Thanks for the correction.
     
  13. Mike Ediger

    Mike Ediger Active Member

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    Thanks guys. I tied several variations with purple backs, varius chenile bodys tied matuka style like mike doughty suggested, and a double bunny with purple on top and white on bottom, and fished them at a local lake last week with out a tug. Probably to cold for the streamers, but I will keep experimenting. Thanks for your help.
    Mike
     
  14. Scott Behn

    Scott Behn Active Member

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    Along with double bunnies you can tie a poormans' GP, string leeches, matuka streamers as mentioned above. I like tying my matuka streamers using mylar piping in pearl color. If you haven't used it yet give it a try. Here is a few examples...

    :cool:
     
  15. Nooksack Mac

    Nooksack Mac Active Member

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    As you can see, rabbit strips can be used in a number of ways, all promising: as tails, wings, bellies (the Double Bunny), etc.

    A current favorite working steelhead pattern of mine (meaning that it's fast and easy to tie, and works fine) is the O.C. (obsessive-compulsive) Lab (named for an overly friendly black Labrador, who wouldn't stay away from my backcasts, until it ended up with a barbed 1/0 in its flank). Tail: red hackle fibers, body (rear half): gold Diamondbraid. (These two elements aren't essential; they may not be visable in the water). Body, front half: purple maribou, wound on spider-style. Wing: black bunny strip, hook shank length, tied in just at the front. In the water, it lays neatly on top of the maribou. Eyes (optional), bead chain or hour-glass machined, under the head, so hook stays upright in the water.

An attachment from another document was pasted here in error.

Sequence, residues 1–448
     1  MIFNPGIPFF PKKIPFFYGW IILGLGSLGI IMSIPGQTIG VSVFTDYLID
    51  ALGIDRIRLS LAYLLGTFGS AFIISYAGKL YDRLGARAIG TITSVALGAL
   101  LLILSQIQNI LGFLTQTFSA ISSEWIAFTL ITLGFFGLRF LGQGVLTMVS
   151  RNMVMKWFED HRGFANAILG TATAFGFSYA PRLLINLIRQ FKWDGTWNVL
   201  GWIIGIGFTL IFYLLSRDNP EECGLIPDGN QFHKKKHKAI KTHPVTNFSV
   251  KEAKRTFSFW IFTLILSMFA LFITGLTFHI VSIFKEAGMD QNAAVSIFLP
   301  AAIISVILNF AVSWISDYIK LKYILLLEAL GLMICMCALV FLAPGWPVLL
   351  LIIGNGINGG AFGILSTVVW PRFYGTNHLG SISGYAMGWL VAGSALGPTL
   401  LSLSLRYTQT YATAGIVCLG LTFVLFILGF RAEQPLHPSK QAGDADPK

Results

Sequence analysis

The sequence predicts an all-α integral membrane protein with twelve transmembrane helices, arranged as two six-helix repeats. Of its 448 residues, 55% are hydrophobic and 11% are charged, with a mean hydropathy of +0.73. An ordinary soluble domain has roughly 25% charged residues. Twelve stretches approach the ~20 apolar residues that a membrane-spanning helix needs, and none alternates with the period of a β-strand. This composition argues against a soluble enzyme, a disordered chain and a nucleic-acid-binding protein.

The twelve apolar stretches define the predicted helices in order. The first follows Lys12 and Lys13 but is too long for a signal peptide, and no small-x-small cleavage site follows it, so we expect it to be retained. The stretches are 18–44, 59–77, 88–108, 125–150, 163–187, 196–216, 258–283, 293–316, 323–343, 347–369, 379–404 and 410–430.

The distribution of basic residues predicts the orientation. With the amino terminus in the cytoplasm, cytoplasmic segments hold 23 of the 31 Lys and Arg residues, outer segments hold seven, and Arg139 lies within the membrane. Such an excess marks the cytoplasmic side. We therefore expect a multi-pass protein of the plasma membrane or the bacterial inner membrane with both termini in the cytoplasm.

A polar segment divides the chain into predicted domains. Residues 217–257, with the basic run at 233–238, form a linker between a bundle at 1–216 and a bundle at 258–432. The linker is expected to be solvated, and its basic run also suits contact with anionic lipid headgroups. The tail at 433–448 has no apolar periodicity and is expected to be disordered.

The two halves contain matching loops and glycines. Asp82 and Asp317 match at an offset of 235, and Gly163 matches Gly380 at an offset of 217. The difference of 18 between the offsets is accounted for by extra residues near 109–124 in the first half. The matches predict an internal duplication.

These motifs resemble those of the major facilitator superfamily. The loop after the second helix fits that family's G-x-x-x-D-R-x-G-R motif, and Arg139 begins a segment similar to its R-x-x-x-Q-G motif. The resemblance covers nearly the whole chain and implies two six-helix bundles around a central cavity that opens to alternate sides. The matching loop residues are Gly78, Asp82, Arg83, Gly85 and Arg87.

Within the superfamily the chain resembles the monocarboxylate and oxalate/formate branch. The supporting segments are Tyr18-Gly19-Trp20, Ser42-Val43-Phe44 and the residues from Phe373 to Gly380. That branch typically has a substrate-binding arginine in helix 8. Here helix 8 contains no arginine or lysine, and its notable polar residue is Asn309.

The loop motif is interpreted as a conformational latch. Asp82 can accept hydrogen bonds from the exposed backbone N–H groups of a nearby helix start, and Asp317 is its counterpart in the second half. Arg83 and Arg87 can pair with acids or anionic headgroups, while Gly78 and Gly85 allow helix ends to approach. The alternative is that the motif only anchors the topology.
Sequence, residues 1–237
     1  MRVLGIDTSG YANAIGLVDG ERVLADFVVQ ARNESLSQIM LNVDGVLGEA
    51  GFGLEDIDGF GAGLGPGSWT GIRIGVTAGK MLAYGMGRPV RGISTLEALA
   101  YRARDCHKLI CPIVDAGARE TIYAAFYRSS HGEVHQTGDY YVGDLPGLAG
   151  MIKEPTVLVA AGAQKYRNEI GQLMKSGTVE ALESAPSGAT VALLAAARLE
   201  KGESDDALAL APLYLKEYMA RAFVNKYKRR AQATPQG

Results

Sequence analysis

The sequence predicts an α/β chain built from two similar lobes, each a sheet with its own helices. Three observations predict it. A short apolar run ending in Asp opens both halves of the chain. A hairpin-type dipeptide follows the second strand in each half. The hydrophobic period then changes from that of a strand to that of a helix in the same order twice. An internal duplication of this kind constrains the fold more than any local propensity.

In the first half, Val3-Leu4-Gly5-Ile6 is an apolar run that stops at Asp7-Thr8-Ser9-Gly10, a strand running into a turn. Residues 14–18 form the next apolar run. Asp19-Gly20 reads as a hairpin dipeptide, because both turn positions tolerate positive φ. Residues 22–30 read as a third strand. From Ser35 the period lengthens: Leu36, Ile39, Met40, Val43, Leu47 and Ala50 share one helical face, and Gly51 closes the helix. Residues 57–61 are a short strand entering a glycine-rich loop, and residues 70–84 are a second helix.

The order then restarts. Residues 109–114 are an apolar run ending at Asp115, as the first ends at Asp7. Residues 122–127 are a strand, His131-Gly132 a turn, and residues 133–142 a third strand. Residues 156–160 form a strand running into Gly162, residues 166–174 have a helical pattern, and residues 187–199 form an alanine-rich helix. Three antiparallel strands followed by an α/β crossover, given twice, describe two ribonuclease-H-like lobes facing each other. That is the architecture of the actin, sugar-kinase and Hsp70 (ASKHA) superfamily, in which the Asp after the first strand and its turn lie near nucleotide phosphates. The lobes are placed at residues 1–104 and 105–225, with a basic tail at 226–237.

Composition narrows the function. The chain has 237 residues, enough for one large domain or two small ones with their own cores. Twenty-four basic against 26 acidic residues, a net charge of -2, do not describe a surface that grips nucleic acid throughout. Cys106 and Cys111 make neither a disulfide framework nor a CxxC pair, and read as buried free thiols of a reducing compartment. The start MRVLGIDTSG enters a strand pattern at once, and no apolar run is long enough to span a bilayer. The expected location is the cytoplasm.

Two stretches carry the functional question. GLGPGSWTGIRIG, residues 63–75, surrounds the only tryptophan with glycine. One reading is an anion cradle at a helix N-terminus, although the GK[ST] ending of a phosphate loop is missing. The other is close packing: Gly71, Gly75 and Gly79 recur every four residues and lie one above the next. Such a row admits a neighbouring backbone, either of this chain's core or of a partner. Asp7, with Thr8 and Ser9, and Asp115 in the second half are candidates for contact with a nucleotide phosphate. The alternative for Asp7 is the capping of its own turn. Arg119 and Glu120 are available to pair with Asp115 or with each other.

16. mclaughl

    mclaughl New Member

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    I use crosscut bunny strips and like to tie articulated leeches for use on the
    stillwaters and for steelhead. I like to use spiderwire (20lb) test to hinge
    the two flies together. I also cut off the lead hook at the bend. I have not
    used any flashabou or other items on these. I have had good luck at various lakes with these. My best colors are black, black and purple, and
    black, purple, and red tied in like gills.

    I use super glue to keep the spider wire attached at the lead hook and to
    hold down my bunny wraps on both hooks.